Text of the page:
Five tips for brewing great coffee

I never knew the world of coffee was so vast and intricate. The numerous regions the coffee plant can grow, the types of plants out there, different roasting techniques and ways of brewing coffee all blew my mind. I knew I found something special when I began learning of all the facets that make up the coffee ecosystem. And the coolest part about all of this coffee craziness was, it was accessible and I could make it my own.

Something we hear from customers a lot at our shop is: “Wow, that looks like a science experiment or something.” In a way, yes, it is a science, and we do a fair amount of experiments with different recipes to get the coffee to taste just the way we like it. We do our best to share our knowledge of coffee with our customers so they can take it home and conduct their own coffee experiments, exploring this amazing commodity.

Over the years, we’ve learned a few tips that can help set propel your home-brewing skills to the next level. These 5 tips are consistent with all methods of brewing coffee. Any way you slice it, all five will play an important role in how your finished cup will turn out. Making an effort in each of these five areas will undoubtedly improve your home-brewing experience.

The first tip is to have a nice, consistent grind. Having an even grind will help ensure all the flavors in each piece of ground coffee are extracted equally and at the same time. This will provide a nice balance of flavor in your final brew. If the grind is not consistent, you could end up with a bitter, undesirable cup. Smaller pieces can extract all of their good flavor before the bigger pieces ever have a chance. So, we have a few recommendations. Espresso is going to have a super fine grind, like powder almost. A standard pour-over will use a medium-fine grind, while a normal drip coffee maker will use a good medium grind. Chemex will use more of a medium-coarse grind, and a French Press will be the most coarse. If you’re thinking cold brew, that’ll be coarse also. We’d be happy to answer any questions you have about your current grinder setup and give you some recommendations for ones we dig if you’re interested. Shoot us an email!

Temperature is also important. Some coffees are more fragile, while others require more heat to extract the sweetness. If you know you have a consistent grind, yet you’re still getting some sour notes or bitterness, it could be your water temperature. A good temperature range for coffee brewing is between 195°F – 205°F. Typically, but not exclusively, a hotter temperature is good for lighter roasted coffees, while a cooler temperature is beneficial for pulling flavors from coffees that have been roasted longer. Also, knowing whether your coffee is a washed or natural processed coffee will determine the appropriate brew temperature. Naturals tend to be more delicate, requiring a cooler temperature; while washed coffees are more dense, requiring a hotter temperature. Don’t worry. We’ll dive deeper into how different coffees are processed in a separate blog post.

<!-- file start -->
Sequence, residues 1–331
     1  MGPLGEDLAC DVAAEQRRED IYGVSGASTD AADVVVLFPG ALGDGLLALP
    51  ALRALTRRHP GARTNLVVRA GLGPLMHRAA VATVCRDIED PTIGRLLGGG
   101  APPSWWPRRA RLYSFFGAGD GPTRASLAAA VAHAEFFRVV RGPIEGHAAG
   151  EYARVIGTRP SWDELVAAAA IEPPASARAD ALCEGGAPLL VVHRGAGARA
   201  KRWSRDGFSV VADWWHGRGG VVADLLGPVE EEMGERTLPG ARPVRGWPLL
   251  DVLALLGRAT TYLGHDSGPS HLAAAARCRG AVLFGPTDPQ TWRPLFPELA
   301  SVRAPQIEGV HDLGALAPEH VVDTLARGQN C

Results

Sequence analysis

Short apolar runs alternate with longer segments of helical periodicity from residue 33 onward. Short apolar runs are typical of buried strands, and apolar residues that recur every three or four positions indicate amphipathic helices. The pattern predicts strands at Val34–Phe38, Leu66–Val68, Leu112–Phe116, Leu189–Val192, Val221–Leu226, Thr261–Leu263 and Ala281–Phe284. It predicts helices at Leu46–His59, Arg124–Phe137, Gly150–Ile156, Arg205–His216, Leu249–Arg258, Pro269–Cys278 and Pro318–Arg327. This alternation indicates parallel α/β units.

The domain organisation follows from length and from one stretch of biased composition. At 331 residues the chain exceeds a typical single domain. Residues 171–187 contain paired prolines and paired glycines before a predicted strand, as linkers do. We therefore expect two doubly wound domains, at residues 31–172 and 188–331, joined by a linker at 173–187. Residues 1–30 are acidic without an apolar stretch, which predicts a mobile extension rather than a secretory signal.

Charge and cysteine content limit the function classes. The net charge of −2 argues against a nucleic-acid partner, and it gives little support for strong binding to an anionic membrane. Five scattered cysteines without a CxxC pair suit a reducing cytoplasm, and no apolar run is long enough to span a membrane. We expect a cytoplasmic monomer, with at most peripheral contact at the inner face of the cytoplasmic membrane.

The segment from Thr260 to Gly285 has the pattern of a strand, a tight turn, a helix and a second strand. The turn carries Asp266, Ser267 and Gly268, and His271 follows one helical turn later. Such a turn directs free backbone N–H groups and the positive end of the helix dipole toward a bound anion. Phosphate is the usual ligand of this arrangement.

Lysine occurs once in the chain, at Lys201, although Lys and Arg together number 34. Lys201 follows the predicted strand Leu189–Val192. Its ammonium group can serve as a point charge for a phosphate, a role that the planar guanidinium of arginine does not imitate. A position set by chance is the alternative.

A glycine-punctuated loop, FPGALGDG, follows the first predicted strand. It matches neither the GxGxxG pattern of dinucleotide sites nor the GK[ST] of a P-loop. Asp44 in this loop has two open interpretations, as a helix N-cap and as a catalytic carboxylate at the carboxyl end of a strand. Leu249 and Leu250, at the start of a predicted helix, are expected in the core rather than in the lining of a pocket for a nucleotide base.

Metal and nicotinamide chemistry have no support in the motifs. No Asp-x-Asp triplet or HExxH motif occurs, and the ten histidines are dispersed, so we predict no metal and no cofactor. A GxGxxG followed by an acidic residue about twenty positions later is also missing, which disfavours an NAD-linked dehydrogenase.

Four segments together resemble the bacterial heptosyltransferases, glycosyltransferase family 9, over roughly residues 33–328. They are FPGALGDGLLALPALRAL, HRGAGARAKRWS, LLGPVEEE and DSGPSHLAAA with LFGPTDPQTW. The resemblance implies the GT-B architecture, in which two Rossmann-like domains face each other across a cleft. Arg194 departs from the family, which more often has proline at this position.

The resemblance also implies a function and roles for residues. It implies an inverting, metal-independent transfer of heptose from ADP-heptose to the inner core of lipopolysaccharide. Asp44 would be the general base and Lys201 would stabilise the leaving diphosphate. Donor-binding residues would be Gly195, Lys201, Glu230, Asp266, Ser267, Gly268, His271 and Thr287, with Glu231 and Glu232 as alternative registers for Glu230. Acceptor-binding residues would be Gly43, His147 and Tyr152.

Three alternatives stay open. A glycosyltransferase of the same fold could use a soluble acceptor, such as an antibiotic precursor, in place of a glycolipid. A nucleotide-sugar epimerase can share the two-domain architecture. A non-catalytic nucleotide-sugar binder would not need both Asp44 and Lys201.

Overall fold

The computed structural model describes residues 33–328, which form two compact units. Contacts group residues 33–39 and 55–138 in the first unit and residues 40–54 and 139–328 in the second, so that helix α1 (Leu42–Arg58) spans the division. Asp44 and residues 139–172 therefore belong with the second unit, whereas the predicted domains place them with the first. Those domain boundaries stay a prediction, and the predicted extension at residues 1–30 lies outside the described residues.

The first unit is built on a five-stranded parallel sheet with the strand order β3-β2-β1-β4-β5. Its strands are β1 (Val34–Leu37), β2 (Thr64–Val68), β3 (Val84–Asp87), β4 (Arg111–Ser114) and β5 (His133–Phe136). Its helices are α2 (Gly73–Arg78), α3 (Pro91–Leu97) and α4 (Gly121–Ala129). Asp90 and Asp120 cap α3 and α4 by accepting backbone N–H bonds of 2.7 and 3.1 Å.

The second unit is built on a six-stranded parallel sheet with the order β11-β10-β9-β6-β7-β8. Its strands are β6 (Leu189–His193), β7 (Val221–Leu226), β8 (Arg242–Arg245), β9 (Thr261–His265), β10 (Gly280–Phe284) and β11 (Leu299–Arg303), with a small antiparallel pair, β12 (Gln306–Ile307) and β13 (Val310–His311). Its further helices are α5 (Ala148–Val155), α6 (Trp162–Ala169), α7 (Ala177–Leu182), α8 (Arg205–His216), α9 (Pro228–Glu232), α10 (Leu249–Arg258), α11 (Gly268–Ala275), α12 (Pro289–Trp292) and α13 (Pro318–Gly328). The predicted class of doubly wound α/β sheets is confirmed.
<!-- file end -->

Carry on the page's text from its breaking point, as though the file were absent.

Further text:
Now for the recipe; or coffee/water ratio. This is important because this will determine how intense, balanced, or flat your coffee’s overall flavor will be. A good starting point is one part coffee to fifteen parts water, or a 1:15 ratio. In our experience, this ratio has provided a consistently balanced cup. Based on personal preference, you can adjust this recipe. The best unit of measurement to use in making coffee is the gram(g) or milliliter(mL). Don’t be afraid to up your home-brewing game by getting a nice scale too. It’ll be well worth it. We’ve got a few in our online store!


Time is also an important factor to take into account when brewing at home. Based on your overall volume, you will want to have a particular brew time, which is the total contact time of your water with your coffee. A good starting point is two and a half minutes for your first 8oz serving. A good rule of thumb is to add 30-45 seconds to that brew time for each additional 4oz serving on top of that. A good example would be: If you’re brewing a 16oz serving, you’ll push for 3 ½ to 4 minutes. To help adjust your brew time, adjust your grind setting. A finer grind will yield a longer brew time and a coarser grind will yield a shorter brew time.

Finally, the most important factor in brewing coffee at home is to have fun. Enjoy the process! If you’re not having a good time, take a small step back and try to simplify your process. At the end of the day, playing a part in the journey of coffee and sharing it with the people around you should be an enlightening and exciting experience.

If you’re interested in learning more, we offer an ICR University class on home brewing a few times to year. Grab a ticket here! 

Happy home-brewing!